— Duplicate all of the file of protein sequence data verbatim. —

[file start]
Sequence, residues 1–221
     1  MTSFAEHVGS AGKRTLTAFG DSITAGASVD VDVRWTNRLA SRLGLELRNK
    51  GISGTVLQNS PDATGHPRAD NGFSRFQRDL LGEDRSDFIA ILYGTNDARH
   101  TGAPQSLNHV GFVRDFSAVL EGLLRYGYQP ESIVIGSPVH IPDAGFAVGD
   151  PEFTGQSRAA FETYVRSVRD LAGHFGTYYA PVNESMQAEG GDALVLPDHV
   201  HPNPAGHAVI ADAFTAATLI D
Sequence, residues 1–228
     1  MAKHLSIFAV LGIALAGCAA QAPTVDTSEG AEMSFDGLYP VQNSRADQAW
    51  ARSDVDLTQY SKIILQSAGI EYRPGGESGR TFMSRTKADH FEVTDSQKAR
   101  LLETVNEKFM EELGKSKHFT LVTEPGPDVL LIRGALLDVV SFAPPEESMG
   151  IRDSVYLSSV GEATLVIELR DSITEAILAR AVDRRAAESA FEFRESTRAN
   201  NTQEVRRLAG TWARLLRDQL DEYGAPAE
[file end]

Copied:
Sequence, residues 1–221
     1  MTSFAEHVGS AGKRTLTAFG DSITAGASVD VDVRWTNRLA SRLGLELRNK
    51  GISGTVLQNS PDATGHPRAD NGFSRFQRDL LGEDRSDFIA ILYGTNDARH
   101  TGAPQSLNHV GFVRDFSAVL EGLLRYGYQP ESIVIGSPVH IPDAGFAVGD
   151  PEFTGQSRAA FETYVRSVRD LAGHFGTYYA PVNESMQAEG GDALVLPDHV
   201  HPNPAGHAVI ADAFTAATLI D
Sequence, residues 1–228
     1  MAKHLSIFAV LGIALAGCAA QAPTVDTSEG AEMSFDGLYP VQNSRADQAW
    51  ARSDVDLTQY SKIILQSAGI EYRPGGESGR TFMSRTKADH FEVTDSQKAR
   101  LLETVNEKFM EELGKSKHFT LVTEPGPDVL LIRGALLDVV SFAPPEESMG
   151  IRDSVYLSSV GEATLVIELR DSITEAILAR AVDRRAAESA FEFRESTRAN
   201  NTQEVRRLAG TWARLLRDQL DEYGAPAE